If you have an Android phone, you undoubtedly have some sort of photo management app installed—most likely, it’s just called “Gallery.” But you know what? That’s not the be-all-end-all of photo apps. In fact, there are a slew of others on the Play Store that do a much better job of handling your photos.

The Best Option for Most People: Google Photos

Okay, I will admit that this one is kind of cheating—after all, there’s a possibility our favorite photo management app is already installed on your device, since it’s the default on some newer stock Android phones. But if you’ve never used it, well, you’re doing yourself a great disservice.

RELATED: 18 Things You May Not Have Known Google Photos Can Do

Google Photos is jam-packed with useful features, but there are a few worth mentioning specifically. First off, this is the only photo manager that also offers unlimited back ups of your images—with Google Photos, you get to store your backed up photos and videos on Google servers. They’re slightly compressed before being uploaded (to save space on Google’s end), but most users are unlikely to even notice the difference. You can then access your entire catalog of images—regardless of what device they’re taken on (as long as it’s Android)—on the Google Photos website.

Aside from that, Photos has a built-in “Assistant” feature that allows users to quickly create collages, animations, and even videos from their gallery. It’s very intuitive and easy to use—and even those get backed up!

RELATED: How to Crop and Edit Photos on Android

And when it comes to photo editing—rotating, cropping, filters, and the like—Photos is top-notch for a “simple” gallery app. It’s not going to be as robust as something like Adobe Photoshop or Lightroom, but in terms of quick edits and light touch ups, it should cover all the bases most users want.

Google Photos is, of course, free. If you don’t already have it installed, you can get it here. And if you do, start using it!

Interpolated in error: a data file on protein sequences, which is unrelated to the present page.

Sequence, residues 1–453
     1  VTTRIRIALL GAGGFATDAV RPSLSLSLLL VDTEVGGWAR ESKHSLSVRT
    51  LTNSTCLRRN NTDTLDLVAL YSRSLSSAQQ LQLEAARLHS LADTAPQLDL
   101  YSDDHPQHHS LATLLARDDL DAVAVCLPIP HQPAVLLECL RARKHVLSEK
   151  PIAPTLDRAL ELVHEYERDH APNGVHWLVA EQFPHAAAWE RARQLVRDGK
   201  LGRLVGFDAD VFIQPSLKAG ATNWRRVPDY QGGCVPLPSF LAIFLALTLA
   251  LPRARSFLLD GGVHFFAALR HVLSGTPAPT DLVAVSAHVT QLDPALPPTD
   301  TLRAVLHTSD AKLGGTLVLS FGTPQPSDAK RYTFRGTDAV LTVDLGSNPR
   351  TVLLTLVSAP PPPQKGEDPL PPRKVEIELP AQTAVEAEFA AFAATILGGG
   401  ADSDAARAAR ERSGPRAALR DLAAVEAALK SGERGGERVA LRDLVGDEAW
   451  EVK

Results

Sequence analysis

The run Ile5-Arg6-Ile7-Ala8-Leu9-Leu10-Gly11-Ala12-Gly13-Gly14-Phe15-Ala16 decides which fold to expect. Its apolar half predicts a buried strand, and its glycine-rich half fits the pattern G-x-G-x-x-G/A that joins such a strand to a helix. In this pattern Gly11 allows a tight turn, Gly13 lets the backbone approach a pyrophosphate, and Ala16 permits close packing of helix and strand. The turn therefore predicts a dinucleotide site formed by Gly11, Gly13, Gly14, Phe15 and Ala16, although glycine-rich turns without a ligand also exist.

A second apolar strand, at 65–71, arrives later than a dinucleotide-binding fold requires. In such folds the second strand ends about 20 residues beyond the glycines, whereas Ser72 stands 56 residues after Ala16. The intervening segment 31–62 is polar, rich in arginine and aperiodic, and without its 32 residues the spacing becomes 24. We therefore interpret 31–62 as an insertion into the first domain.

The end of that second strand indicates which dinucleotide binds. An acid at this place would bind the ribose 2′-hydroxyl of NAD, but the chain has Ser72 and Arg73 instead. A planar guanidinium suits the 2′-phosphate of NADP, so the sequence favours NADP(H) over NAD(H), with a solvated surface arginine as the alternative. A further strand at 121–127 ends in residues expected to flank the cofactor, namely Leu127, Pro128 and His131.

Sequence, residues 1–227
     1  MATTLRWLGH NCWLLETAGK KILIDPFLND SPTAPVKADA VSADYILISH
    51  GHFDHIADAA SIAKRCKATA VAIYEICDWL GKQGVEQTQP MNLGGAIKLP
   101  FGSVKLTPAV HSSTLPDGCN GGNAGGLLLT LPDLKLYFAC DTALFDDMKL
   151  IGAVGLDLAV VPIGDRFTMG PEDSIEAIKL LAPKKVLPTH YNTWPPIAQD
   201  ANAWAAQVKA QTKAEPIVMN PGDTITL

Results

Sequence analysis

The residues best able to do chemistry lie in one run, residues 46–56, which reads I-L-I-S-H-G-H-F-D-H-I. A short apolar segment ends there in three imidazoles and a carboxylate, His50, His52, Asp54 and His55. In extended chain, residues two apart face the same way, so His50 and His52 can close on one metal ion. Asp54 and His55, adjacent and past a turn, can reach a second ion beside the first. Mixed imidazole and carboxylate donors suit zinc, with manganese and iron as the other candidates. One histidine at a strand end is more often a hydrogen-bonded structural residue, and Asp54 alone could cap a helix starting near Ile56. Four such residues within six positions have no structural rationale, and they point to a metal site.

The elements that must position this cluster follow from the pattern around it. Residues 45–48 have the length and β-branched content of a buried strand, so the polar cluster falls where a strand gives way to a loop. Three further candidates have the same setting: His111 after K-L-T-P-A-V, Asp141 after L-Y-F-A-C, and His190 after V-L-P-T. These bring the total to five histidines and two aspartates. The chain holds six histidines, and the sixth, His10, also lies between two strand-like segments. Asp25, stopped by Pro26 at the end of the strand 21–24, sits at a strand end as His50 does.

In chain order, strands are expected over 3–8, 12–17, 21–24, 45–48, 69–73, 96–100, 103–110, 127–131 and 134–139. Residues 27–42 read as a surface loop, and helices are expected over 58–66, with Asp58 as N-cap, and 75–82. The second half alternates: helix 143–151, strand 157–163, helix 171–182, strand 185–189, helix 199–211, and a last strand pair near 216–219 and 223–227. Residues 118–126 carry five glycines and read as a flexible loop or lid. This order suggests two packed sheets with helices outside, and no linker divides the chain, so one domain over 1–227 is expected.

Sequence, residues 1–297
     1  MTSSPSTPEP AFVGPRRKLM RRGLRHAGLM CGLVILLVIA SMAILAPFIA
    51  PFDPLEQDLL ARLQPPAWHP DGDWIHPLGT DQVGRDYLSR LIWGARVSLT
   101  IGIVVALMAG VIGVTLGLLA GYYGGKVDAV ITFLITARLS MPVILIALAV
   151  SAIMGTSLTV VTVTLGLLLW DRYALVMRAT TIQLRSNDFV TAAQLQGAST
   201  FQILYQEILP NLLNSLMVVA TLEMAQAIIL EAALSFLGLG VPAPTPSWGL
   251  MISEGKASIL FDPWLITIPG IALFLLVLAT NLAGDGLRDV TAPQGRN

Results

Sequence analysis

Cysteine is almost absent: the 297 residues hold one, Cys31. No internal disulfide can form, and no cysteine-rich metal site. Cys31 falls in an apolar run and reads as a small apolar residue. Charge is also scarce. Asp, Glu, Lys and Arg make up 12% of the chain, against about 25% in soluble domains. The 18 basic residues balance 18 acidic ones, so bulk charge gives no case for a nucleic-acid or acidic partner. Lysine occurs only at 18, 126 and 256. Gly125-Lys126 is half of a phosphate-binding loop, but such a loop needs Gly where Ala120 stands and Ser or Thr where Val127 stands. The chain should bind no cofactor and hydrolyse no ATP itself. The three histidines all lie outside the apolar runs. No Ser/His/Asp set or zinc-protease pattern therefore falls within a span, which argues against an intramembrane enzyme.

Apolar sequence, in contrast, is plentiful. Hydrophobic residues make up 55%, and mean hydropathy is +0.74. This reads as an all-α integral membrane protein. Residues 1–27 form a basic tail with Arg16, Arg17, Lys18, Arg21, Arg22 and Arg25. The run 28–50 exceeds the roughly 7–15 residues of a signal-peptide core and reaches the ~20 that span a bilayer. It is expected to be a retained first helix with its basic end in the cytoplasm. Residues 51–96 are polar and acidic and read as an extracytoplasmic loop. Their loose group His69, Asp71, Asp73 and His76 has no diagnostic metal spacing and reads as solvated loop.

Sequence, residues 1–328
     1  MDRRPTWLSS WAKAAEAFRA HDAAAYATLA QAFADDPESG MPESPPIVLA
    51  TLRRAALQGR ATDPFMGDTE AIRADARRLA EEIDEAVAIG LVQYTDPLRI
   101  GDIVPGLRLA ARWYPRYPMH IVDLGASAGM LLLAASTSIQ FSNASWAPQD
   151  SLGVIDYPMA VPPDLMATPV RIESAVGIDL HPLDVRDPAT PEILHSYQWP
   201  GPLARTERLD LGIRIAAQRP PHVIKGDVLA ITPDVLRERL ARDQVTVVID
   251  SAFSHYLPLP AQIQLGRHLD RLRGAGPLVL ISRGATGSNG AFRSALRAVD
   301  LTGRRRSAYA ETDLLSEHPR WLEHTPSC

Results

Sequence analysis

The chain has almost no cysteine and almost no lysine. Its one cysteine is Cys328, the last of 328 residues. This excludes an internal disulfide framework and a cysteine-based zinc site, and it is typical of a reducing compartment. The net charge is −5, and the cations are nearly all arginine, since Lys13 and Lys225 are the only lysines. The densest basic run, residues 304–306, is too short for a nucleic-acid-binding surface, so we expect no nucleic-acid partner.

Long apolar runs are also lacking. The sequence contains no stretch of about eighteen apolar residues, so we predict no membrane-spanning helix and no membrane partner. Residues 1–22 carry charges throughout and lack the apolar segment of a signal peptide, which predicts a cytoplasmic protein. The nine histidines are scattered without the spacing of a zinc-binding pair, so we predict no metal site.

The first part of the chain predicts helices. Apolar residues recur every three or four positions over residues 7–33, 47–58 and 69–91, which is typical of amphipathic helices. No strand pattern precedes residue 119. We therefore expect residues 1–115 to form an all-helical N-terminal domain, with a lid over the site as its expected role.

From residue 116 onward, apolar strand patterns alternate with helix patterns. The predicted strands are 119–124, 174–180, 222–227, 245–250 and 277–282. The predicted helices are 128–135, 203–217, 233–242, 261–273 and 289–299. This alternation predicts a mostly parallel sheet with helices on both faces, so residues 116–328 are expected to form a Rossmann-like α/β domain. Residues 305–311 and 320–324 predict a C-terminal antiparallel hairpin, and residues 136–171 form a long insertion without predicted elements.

The Best for Privacy: Focus

Look, we all have images that aren’t meant for other’s eyes. Perhaps they’re snaps of important documents or…other things, but the point is the same: they’re meant for you and you alone. With most gallery-style apps, you can’t really keep certain images private, and you certainly can’t keep the entire gallery behind lock and key!


That’s where Focus comes into play: it’s an excellent gallery app on its own, but it also offers privacy that simply isn’t available on other apps of its kind. Basically, it has a feature called “The Vault”—which is only available on the $1.99 upgrade in the app—that allows users to effectively put images and videos behind password protection. If your phone has a fingerprint reader, it will actually use that instead of a password, which is fantastic.

If that level of protection isn’t enough for you, there’s also an option to lock the entire app with a passcode or fingerprint.

Of course, there’s one issue with Focus: other gallery apps can still see the images, even if they’re locked up in The Vault. So if you really want privacy, you’ll have to remove or disable all other gallery apps.

Focus is free to use, but as I mentioned earlier, The Vault is only available in the paid version of the app, which can be obtained with an in-app purchase.

There are a lot of gallery apps on the Play Store, and a lot of them are very good! When it comes down to it, though, Google Photos and Focus are hard to beat, but for very different reasons. Really, there’s no reason to not have both installed, but just keep in mind that, for the time being at least, anything you store in Focus’ Vault will still show up in Photos. Hopefully there’s a fix for that one minor flaw on the way.

Profile Photo for Cameron Summerson Cameron Summerson
Cameron Summerson is ex-Editor-in-Chief of Review Geek and served as an Editorial Advisor for How-To Geek and LifeSavvy. He covered technology for a decade and wrote over 4,000 articles and hundreds of product reviews in that time. He’s been published in print magazines and quoted as a smartphone expert in the New York Times.
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